Gaming Culture Has Always Been Racist – Y’all Just Didn’t Care
A lot of people are asking me why I haven’t written about the racist slur employed by PewDiePie recently. I already did and so have many others.
The perpetual use of the n-word within gaming isn’t fueled by neo-Nazi ideology and didn’t emerge with the election of Donald Trump. You can’t blame Gamergate for this one either.
This is gaming culture. And I’ve been expressing this for more than a decade.
The danger isn’t in an individual instantiation of racist or sexist speech. The danger is in the power of the platform that one has to reach a multitude of individuals – normalizing this behavior and sustaining the digital and physical violence that’s associated with the behavior. This fuels the power of structural and institutional oppression.
The devaluation of certain bodies within gaming bear the brunt of the backlash. Bertan Buyukozturk, Zachary G. Hill, and I discussed the blurring of physical and digital boundaries for women in particular in our recent article “Blurring the boundaries: Using Gamergate to examine “real” and symbolic violence against women in contemporary gaming culture” which calls for us to “extend discussions of in-game violence and increased aggression to account for the “real world,” violent, realities of women as gamers, developers, and even critics of the medium.
The process of devaluation includes exploitation, marginalization, cultural imperialism, powerlessness, and these ultimately lead to violence – both symbolic, representational, and actual.
Racist apologists for PewDiePie and others are reflected in Chauncey DeVega’s DailyKos article, “Not So Post Racial After All: Xbox Live and Real Racism in a Virtual World”:
The theories which have been developed to critically interrogate and map colorblind racism, such as how it has moved from the “front stage” to the “back stage,” involves “harmless” racial humor and jokes, and where white folks can use the common deflection “I am not racist because I didn’t mean it that way” are all present in Kishonna Gray’s findings:
Most worryingly, such racism appears to be ‘normalised’ in the Xbox Live sessions she observed, with offended users rarely complaining. When Gray confronted the gamers who used racist language, they categorically denied being racist. They further defended themselves by claiming it was ‘just a game’, that the words they used were meaningless or that they would use the same offensive terms to refer to white people…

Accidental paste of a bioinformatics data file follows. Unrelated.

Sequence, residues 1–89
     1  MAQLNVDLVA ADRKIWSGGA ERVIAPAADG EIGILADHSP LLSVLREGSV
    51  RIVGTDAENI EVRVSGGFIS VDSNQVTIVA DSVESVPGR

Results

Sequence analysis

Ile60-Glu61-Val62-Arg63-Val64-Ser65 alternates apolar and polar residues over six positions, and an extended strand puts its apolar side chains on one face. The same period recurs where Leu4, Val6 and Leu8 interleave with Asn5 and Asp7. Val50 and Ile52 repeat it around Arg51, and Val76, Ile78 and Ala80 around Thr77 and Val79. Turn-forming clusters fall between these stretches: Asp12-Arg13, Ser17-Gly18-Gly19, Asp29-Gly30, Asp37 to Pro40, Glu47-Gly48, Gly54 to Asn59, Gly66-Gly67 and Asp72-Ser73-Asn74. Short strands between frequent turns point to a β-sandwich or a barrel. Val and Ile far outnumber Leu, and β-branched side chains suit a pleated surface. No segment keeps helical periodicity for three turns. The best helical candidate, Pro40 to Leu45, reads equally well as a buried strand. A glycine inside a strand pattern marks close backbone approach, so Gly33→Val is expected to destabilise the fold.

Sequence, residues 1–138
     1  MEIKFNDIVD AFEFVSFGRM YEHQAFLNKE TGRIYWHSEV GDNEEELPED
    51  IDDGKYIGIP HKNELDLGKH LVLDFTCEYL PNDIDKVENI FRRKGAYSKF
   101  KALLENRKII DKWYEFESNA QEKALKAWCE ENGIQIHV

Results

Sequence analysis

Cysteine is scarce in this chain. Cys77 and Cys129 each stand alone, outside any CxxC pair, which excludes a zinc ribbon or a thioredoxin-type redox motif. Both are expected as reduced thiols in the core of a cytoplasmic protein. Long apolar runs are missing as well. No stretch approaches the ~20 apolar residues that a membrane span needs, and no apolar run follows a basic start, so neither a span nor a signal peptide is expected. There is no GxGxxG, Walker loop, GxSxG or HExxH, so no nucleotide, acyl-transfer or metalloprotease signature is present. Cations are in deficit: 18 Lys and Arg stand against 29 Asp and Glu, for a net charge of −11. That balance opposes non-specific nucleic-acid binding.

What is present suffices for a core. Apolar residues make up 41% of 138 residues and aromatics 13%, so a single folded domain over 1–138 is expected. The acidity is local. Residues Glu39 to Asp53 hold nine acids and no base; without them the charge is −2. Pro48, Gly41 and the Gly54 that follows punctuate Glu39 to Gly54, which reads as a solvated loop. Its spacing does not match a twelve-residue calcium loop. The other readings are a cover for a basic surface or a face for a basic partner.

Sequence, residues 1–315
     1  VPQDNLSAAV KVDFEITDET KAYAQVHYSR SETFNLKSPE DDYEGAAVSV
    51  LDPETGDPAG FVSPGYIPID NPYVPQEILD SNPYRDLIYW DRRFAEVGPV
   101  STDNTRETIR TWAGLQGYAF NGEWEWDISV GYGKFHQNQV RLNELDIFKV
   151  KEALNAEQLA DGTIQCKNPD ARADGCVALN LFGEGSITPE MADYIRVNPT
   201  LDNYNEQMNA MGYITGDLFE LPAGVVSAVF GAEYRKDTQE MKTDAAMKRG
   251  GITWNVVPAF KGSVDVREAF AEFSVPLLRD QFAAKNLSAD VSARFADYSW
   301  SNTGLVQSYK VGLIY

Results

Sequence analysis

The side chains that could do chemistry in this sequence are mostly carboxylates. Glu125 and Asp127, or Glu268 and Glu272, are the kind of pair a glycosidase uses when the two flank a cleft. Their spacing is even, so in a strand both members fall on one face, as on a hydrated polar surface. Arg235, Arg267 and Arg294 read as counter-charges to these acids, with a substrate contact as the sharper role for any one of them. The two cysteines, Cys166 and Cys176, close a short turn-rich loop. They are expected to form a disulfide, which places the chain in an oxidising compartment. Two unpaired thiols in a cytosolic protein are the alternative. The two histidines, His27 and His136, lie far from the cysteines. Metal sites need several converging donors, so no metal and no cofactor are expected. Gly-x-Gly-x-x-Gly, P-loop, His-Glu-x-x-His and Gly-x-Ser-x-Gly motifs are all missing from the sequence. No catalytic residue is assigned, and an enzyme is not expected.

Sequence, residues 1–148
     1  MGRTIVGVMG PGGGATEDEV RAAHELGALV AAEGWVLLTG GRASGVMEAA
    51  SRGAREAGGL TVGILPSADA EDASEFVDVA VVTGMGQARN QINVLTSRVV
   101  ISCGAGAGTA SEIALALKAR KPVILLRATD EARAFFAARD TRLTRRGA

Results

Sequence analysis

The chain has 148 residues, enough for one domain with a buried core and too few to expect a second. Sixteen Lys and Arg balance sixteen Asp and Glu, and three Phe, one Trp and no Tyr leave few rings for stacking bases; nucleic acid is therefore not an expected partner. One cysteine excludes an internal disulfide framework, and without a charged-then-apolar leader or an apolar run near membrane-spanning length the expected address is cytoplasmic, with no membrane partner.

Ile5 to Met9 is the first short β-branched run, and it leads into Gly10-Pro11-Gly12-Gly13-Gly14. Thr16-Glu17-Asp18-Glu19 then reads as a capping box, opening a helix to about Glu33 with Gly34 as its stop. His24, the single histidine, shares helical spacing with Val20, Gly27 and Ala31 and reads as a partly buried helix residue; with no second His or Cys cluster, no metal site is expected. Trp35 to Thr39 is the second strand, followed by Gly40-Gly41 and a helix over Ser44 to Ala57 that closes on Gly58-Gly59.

It was necessary to highlight the justifications used to ‘figure nigger away’ by those who often employ the term without a Black person being present. And this twitter user highlights that the power of the word is or should be diminished if a Black person wasn’t the target of that word.
@zTakeoff: Yall trippin, I know pewdiepie said the N word but you guys needa calm tf down. Soft asf, it’s a word not used in a bad way. CONTEXT MATTERS
@BrandonPegler: Honestly he isnt fucking racist, when he said it he had not intent of it being towards black people its a word people say to fucking everyon
And individuals justifying its usage as a pejorative term to insult another gamer regardless of race recognize the power of that word as the most powerful insult! “Nigger” is the pinnacle of speech meant to offend and hurt. PewDiePie knows that. That’s why his ass used it.
The problem now for many gamers (yes gamers, not Neo-Nazis, not alt-righters…gamers) is that their once hidden gaming practices are front and center. Twitch, Mixer, YouTube, and other forms of live streaming don’t allow you to hide in the comfort of anonymity.
Anonymity on the internet disinhibits people, compelling some to say and do things that they would not otherwise do.
So the normal, everyday, practice of uttering racist, heterosexist, and sexist speech is brought to the fore. PewDiePie quickly backtracked because he remembered he was streaming live. Anonymity won’t protect them any longer.
And I guess I am glad that more people are seeing how toxic these spaces are. But for us, this is how it’s always been. And gaming culture has sustained it.